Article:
Sustainability Science

, Volume 14, Issue 6, pp 1729–1738 | Cite as

The good, the bad and the ugly: framing debates on nature in a One Health community

  • Nicolas Antoine-MoussiauxEmail author
  • Luc Janssens de Bisthoven
  • Stéphane Leyens
  • Timo Assmuth
  • Hans Keune
  • Zinsstag Jakob
  • Jean Hugé
  • Maarten P. M. Vanhove
Overview Article
Part of the following topical collections:
  1. Concepts, Methodology, and Knowledge Management for Sustainability Science


Originating in medical and veterinary spheres, the One Health concept stands as an open call for collaboration also between these disciplines or professions and those of environmental and social science. However, the communities of practice in question show uneasy or under-developed collaborations, due to a variety of factors. We argue that an important factor is the way issues are raised and questions are formulated, i.e., their framing. Based on complementary perspectives on health and knowledge, this overview provides an inter- and trans-disciplinary analysis of the role of the framing of « nature » in One Health discourses as a barrier or a facilitator to collaboration, as revealed by the scientific literature. We find that the lack of reflection by scientists about the framing under which they operate appears as a major factor of misunderstanding between disciplines, and a barrier for inter- and trans-disciplinary solutions to improve management of health risks and benefits. Hence, to build such solutions, framing will have to be a conscious and repeated step in the process, acknowledging and explaining the diversity of viewpoints and values. The interdisciplinary dialogues inherent in this process promote translation between scientific domains, policy-makers and citizens, with a critical but pluralistic recourse to various framings of health risks and benefits associated with nature, and a deep awareness of their practical and ethical consequences.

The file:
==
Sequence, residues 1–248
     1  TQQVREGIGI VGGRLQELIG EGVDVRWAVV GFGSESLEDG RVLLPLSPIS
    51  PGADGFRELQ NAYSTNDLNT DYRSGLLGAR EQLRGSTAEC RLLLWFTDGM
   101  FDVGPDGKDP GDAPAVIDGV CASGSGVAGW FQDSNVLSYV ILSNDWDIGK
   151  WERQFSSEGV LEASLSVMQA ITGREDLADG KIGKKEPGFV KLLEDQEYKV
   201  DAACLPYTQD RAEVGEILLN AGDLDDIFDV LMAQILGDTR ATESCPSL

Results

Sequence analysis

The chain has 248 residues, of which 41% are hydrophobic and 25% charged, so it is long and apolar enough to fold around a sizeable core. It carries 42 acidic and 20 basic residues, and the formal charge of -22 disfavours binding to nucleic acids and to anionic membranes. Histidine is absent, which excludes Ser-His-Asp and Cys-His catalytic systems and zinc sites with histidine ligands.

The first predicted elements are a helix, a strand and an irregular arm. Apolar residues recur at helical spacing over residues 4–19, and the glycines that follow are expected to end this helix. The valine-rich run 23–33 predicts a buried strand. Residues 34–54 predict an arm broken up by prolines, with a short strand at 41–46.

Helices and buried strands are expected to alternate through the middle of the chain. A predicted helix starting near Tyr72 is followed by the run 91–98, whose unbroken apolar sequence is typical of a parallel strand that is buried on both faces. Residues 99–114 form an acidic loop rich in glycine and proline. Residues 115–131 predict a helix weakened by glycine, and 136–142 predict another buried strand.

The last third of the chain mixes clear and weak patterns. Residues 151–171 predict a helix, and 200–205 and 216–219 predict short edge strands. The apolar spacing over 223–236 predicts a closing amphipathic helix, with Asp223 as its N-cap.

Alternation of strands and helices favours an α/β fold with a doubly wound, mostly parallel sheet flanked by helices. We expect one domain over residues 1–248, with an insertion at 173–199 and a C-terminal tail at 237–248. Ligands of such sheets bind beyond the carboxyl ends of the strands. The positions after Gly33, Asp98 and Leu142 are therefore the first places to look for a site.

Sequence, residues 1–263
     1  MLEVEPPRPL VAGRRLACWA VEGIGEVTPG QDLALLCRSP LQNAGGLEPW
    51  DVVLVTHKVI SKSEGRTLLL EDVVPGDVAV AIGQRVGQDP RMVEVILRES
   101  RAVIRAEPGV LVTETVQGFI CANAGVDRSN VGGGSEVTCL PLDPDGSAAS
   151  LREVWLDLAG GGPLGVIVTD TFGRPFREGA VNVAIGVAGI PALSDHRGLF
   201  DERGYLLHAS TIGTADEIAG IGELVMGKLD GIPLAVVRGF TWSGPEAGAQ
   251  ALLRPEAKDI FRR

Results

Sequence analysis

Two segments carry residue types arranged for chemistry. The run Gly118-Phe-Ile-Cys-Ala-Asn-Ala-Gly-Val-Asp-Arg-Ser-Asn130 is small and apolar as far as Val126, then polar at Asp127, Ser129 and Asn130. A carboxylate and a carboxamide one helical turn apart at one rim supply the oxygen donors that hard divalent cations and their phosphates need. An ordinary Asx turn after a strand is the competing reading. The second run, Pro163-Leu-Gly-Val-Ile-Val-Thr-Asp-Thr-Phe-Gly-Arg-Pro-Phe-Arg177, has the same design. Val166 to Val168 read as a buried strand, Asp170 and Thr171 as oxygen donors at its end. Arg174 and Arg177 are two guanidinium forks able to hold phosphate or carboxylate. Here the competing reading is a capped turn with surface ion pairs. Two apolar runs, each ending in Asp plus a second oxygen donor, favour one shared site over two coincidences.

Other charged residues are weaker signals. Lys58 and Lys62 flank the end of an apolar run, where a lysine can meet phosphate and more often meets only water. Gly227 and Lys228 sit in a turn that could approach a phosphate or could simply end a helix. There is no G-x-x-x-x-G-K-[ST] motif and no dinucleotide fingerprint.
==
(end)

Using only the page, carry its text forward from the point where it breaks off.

Discourse Health risks and benefits Epistemology Interdisciplinarity and transdisciplinarity Science–policy–society interface Decision-making Positional objectivity 



The authors would like to acknowledge Séverine Thys (Institute of Tropical Medicine of Antwerp, Belgium), Marc Vandenheede (University of Liège, Belgium), and Sergei Khomenko (UN-FAO) for their insightful comments on this paper’s idea and writing. LJdB and MPMV are supported by the Belgian Directorate-General for Development Cooperation and Humanitarian Aid [CEBioS program].

Compliance with ethical standards

Conflict of interest

The authors declare no financial competing interests.


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Copyright information

© Springer Japan KK, part of Springer Nature 2019

Authors and Affiliations

  • Nicolas Antoine-Moussiaux
    • 1
    • 2
    Email author
  • Luc Janssens de Bisthoven
    • 3
  • Stéphane Leyens
    • 4
  • Timo Assmuth
    • 5
  • Hans Keune
    • 6
    • 7
  • Zinsstag Jakob
    • 8
    • 9
  • Jean Hugé
    • 10
    • 11
    • 16
  • Maarten P. M. Vanhove
    • 3
    • 12
    • 13
    • 14
    • 15
  1. 1.Faculty of Veterinary MedicineUniversity of Liège (ULiège)LiègeBelgium
  2. 2.Fundamental and Applied Research for Animals and Health (FARAH)University of Liège (ULiège)LiègeBelgium
  3. 3.Capacities for Biodiversity and Sustainable Development (CEBioS), Operational Directorate Natural EnvironmentRoyal Belgian Institute of Natural SciencesBrusselsBelgium
  4. 4.Departement Sciences-Philosophies-Societies, Faculty of SciencesUniversity of NamurNamurBelgium
  5. 5.Finnish Environment InstituteHelsinkiFinland
  6. 6.Belgian Biodiversity Platform-Research Institute Nature and Forest (INBO)BrusselsBelgium
  7. 7.Department of Primary and Interdisciplinary Care Antwerp-Faculty of Medicine and Health SciencesUniversity of AntwerpWilrijkBelgium
  8. 8.Swiss Tropical and Public Health InstituteBaselSwitzerland
  9. 9.University of BaselBaselSwitzerland
  10. 10.Systems Ecology and Resource Management LabUniversité Libre de Bruxelles (ULB)BrusselsBelgium
  11. 11.Plant Biology and Nature ManagementVrije Universiteit Brussel (VUB)BrusselsBelgium
  12. 12.Department of Botany and Zoology, Faculty of ScienceMasaryk UniversityBrnoCzech Republic
  13. 13.Laboratory of Biodiversity and Evolutionary Genomics, Department of BiologyUniversity of LeuvenLeuvenBelgium
  14. 14.Research Group Zoology: Biodiversity and Toxicology, Centre for Environmental SciencesHasselt UniversityDiepenbeekBelgium
  15. 15.Zoology Unit, Finnish Museum of Natural HistoryUniversity of HelsinkiHelsinkiFinland
  16. 16.Research Group Environmental Biology, Centre for Environmental SciencesHasselt UniversityDiepenbeekBelgium

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